Rooted in educating the public on proper forest management, this 772-acre area in Greene County offers a glimpse into ways that management benefits our woods.
Once known as the Little Sac Woods Urban Forest, portions of the area were first acquired by the Conservation Department in 1979, and subsequent parcels were added to the area throughout the early 1980s. The Department originally established this area as a “metro forest,” a destination just northwest of Springfield that offered a look into the natural beauty of forests.
Since its inception, Little Sac Woods has served as an educational and demonstration area for an array of forest management practices such as timber stand improvement and regeneration harvests. Studies examining the effects of forest pests and tree growth have also been conducted there. The area has been used to help educate both the public and land managers.
Current management on the area is focused on the reconstruction of several large glade, woodland, and forest natural communities. Knowledge of historic land conditions, soils and topography, habitat indicator species, and natural disturbances such as fire and drought, combined with how wildlife uses these natural communities, guides reconstruction efforts. Wildlife habitat and overall plant diversity is maintained by thinning undesirable woody plants and conducting prescribed burns. Reconstructing glades and woodlands in this manner promotes healthier plant communities that can stand up to environmental stressors such as drought.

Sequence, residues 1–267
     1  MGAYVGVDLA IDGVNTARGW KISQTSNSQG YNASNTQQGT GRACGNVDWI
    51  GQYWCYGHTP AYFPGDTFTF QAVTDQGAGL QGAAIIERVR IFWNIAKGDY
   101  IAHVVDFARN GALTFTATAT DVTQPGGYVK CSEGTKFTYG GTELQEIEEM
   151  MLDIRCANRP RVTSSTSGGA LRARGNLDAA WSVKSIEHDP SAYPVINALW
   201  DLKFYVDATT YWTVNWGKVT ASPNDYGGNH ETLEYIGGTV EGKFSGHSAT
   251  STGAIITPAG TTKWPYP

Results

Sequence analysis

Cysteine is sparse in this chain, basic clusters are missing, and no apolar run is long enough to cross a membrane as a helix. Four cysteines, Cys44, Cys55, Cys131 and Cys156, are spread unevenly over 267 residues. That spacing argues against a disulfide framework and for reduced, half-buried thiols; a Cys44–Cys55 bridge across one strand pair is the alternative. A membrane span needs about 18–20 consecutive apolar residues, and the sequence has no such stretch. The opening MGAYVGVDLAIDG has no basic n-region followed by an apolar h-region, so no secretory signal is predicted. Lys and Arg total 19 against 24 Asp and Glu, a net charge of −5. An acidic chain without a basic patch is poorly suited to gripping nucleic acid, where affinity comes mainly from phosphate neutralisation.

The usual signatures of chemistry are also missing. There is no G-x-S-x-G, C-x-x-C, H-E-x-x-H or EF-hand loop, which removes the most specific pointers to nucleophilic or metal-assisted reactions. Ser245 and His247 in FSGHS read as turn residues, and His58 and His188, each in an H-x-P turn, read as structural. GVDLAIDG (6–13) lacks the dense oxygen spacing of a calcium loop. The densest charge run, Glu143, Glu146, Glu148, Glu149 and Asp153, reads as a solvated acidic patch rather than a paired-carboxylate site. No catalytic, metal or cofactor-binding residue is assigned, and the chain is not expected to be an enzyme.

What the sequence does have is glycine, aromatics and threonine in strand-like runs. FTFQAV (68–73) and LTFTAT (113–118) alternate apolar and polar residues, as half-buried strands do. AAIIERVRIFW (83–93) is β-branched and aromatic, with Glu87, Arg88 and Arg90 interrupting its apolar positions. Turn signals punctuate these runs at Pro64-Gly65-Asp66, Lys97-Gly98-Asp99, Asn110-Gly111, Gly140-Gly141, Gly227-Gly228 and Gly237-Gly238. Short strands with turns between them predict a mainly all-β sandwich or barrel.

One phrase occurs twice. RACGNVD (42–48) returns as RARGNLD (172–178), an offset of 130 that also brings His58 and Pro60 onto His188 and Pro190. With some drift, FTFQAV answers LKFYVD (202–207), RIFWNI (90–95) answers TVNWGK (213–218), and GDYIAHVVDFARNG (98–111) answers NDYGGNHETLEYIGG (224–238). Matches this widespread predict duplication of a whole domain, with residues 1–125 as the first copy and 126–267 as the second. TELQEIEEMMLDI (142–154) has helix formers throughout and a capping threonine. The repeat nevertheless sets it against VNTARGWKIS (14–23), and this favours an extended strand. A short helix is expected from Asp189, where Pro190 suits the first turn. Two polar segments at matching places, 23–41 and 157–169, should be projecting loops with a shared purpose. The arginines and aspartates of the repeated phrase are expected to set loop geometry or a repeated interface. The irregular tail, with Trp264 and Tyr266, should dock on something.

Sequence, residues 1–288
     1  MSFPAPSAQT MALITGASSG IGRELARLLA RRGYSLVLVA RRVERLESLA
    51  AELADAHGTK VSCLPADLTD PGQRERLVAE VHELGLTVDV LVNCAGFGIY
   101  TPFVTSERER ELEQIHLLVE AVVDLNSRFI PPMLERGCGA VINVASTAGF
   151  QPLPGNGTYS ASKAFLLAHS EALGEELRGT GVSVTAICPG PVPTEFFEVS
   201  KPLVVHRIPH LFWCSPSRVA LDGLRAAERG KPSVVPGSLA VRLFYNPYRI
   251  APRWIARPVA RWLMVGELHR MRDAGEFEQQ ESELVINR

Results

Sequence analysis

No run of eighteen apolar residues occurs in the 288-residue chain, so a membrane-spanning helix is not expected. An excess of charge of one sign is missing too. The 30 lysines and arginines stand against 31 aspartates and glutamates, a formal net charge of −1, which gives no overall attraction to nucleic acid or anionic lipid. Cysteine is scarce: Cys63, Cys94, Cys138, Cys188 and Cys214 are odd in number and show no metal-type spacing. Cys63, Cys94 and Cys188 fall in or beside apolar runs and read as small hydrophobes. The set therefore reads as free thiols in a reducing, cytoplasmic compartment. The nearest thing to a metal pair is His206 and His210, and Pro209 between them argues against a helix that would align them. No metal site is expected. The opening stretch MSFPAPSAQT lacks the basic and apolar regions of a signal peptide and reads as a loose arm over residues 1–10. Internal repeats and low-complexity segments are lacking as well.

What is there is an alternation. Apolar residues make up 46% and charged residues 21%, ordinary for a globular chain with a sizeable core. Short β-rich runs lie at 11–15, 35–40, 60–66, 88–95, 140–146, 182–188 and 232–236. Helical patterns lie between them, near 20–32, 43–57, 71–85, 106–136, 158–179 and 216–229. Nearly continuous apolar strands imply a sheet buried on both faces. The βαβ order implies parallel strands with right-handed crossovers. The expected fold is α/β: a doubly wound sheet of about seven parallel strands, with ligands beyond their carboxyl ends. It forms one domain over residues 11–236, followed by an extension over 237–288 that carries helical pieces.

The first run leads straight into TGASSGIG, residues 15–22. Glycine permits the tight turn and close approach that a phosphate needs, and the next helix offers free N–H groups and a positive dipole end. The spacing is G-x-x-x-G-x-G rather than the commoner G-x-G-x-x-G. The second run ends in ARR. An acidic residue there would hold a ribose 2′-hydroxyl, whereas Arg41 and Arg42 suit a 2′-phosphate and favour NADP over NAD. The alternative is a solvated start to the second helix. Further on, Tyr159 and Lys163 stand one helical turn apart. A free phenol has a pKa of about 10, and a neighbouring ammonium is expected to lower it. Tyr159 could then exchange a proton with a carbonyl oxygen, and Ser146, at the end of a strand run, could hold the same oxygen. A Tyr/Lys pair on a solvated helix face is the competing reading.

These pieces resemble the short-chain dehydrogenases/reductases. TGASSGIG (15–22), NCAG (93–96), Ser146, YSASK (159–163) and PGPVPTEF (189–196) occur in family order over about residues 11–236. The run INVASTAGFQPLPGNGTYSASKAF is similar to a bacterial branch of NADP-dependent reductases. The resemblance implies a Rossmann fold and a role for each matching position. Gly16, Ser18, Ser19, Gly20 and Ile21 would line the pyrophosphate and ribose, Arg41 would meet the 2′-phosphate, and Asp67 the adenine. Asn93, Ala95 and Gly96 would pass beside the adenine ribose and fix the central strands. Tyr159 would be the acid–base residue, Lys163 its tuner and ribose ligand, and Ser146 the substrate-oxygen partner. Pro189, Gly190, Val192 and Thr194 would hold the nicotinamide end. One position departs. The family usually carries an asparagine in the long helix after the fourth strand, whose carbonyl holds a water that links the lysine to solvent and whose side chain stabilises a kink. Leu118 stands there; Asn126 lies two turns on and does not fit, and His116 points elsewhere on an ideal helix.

Roughly 7 miles of hiking trails amble through the area, passing a bluff-top glade overlooking the Little Sac River, areas of woodland restoration, and forested units. Access to the river provides limited fishing opportunities, and primitive camping is allowed throughout the area by obtaining a special use permit. Much of the forest management on the area promotes small game habitat, leading to excellent hunting opportunities for squirrels and rabbits. Little Sac Woods also supports a healthy turkey population.
Looking into the future, much of the area’s management will focus on controlling exotic invasive species, which threaten the survival of our native plants. Invasive plants such as sericea lespedeza, Japanese honeysuckle, and wintercreeper are currently managed on the area.
Little Sac Woods Conservation Area is located approximately 9 miles northwest of Springfield on Farm Road 115, off Highway 13 and Route BB.
—Brice Kelso, area manager Little Sac Woods Conservation Area
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